How Do I Stop My Outdoor Plants Dying Over Winter?
A Full List Of Tips For Protecting Plants From Frost And Extreme Cold
The winter months provide a tricky environment for outdoor plants. The cold weather slows down a plant’s metabolism, meaning that photosynthesis and respiration decelerates, resulting in limited growth so you may have found your outdoor plants dying. While each plant will have different tolerance levels to the cold, it’s best to take special care of all of your outdoor plants during the cold winter months.
Frosty temperatures in particular are the most difficult for plants to survive in. Water can freeze inside the plant’s cells, which can end up destroying them from the inside and cause them to wilt. It’s pretty easy to spot a frost-damaged plant, as they will appear limp, blackened and distorted.
To prepare your plants for the winter, prevention is better than cure- so you should first bring inside any plants that can be potted. Take a look at these tips to see how you can best protect your plants over the wintertime:
Avoid High-Nitrogen Fertilisers
High-Nitrogen fertilisers are great for the summertime as they encourage plants to make lots of sappy leaf growth, supporting rapid growth. However, as the nitrogen is normally soluble, in colder weather it is likely to be leached out by heavy rain and melting snow which will waste it.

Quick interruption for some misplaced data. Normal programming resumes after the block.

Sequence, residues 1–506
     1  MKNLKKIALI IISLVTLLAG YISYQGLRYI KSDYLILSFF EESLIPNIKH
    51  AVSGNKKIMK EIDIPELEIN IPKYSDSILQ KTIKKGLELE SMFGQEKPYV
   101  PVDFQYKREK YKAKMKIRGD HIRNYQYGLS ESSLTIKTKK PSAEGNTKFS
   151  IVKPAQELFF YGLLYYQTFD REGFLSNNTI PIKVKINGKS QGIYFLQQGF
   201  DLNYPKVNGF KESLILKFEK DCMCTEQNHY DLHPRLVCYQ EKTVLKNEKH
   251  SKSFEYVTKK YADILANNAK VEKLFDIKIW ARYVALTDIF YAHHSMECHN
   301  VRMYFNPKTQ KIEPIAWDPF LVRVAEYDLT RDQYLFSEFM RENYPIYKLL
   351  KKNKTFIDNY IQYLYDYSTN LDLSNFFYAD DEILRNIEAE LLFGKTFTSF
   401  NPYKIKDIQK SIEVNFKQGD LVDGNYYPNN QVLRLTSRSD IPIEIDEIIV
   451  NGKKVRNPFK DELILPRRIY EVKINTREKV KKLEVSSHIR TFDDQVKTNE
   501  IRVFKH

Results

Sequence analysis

Invest In Some Polypropylene Covers
For best protection, frost-sensitive plants should be treated with non-woven spun-bonded polypropylene covers. Not only will they be protected from harsh weathers, but these covers also offer protection from certain pests, as well.
Little Fields Farm supply polypropylene covers easy for all your outdoor plants, which can be easily cut to whatever size you require. They offer a selection of netting which is specially targeted towards frost-sensitive plants, so you know that your plants are getting the best protection. For additional information, click here to learn more about garden netting.
Make Sure Your Plants Are In The Best Location
Location is important if you want to keep your plants safe from frost. Areas of your garden which are flooded with early morning sunshine can cause plants to ‘defrost’ too quickly, causing them to become limp. It’s best to keep them towards the east facing areas of your garden to avoid this issue.
The lowest points in your garden are also worth avoiding, as cold air can sink creating frost pockets which tender plants will struggle to thrive in.
Choose Native Plants
This may be an obvious one, but to prevent your outdoor plants dying in your garden over winter time, choose the ones which grow best in your current climate. As enjoyable as the idea may be, there’s not much chance of growing mangoes over here in the UK, and it pays to be realistic about which plants will be able to survive a cold winter before you take the next steps.
There are many beautiful flowers that can survive an English winter, including Coneflowers, Lily of the Valley, Blue Spruce, Wintergreen Boxwood, Pansies and Primroses. There’s also a wide range of winter veggies that thrive off the cold weather!